My first impressions of this city were not great. Our hostel was kinda bleh. Walking around was kinda boring. We got on a city tour bus with an automated guide, and I fell asleep.
Ireland is supposed to be gorgeous, but we didn't see any of that in the city. So we decided to take a tour to the Cliffs of Moher, which is at the opposite end of the country.
Good choice. Our real-person guide was über Irish, gushing with equally useful and pointless information about the country's culture and history. The trip was several hours long, so we got more than an ear-full. We took in the scenery as we learned about the sport of hurling (gotta start when you're four years old), President Obama's irish roots (we drove through his ancestor's town) and how to avoid pissing off fairies (basically, just stay out of their way. And they like to steal little boys from their cribs, so that's why little Irish boys are dressed like little Irish girls).
When we finally arrived to the Cliffs of Moher, our guide instructed us to close our coats as completely as possible. It's entirely possible that the wind can whip through loose coats and suddenly turn them into parachutes! When we finally got up there, I believed him. The wind was frightening.
We were lucky to evade fog, so we could see the cliffs perfectly.
There was also a tower that I wished we could have gone up in for a better view. This man-made thing looked really strange against the backdrop of the nature-made expanse.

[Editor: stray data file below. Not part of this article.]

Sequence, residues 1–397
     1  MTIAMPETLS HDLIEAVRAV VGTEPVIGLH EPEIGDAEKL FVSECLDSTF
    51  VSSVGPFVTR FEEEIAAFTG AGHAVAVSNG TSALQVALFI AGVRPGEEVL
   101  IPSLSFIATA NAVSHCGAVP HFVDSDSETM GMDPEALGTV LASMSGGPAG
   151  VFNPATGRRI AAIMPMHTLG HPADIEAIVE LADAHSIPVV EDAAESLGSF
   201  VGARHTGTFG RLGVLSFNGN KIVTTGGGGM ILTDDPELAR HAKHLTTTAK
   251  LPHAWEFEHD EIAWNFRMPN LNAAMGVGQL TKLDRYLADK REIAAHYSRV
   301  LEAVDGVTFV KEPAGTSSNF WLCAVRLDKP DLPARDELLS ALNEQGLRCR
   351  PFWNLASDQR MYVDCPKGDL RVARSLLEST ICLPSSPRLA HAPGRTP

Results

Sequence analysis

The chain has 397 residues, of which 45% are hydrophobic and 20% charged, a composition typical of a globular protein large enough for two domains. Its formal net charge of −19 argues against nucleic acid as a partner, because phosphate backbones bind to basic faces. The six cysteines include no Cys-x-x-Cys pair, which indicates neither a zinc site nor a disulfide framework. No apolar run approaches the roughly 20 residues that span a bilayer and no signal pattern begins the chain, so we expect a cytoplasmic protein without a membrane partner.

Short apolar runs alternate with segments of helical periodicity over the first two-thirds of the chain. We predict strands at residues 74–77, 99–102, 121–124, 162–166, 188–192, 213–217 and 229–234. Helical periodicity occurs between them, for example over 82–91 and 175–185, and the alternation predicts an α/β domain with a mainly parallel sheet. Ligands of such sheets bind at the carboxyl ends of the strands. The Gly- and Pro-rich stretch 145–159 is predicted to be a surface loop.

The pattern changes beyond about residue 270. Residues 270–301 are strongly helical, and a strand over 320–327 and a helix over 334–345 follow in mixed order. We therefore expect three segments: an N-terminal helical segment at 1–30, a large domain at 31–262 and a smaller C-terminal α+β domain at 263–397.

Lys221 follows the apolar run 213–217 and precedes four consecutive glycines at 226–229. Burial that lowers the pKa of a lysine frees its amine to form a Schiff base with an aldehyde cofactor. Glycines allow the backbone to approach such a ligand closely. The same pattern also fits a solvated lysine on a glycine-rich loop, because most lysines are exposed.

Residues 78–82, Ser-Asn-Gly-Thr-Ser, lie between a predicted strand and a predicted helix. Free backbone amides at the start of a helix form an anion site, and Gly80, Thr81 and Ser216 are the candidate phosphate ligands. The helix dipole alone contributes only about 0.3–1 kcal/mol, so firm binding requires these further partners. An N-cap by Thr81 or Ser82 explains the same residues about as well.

My favorite were these girls, who were on our tour. They kind of weren't that smart. Maybe they didn't hear the parachute warning, or they did, and thought they were immortal.
After the Cliffs, we made one last stop to check out the Burren (sidenote: totally thought the guide was saying "The Barn" because of his accent. I was quite confused, and was thinking, 'how cool could a barn really be?')
Here, I took the only up-close picture of Jake and me of the whole trip.
And those girls were still doing really intelligent things. As if losing your footing wasn't totally easy because there were a million cracks and jagged rocks.
Afterwards, we hopped back into our totally sweet tour bus and headed back to the city.
Back in Dublin, we hit the pups, where Jake drank Guinness (ick) and I drank cider. We both dislike The Beatles, but still sang along to live band's rendition of "Hey Jude" at Temple Bar. I concluded that the city of Dublin is not that bad. But the country side is better.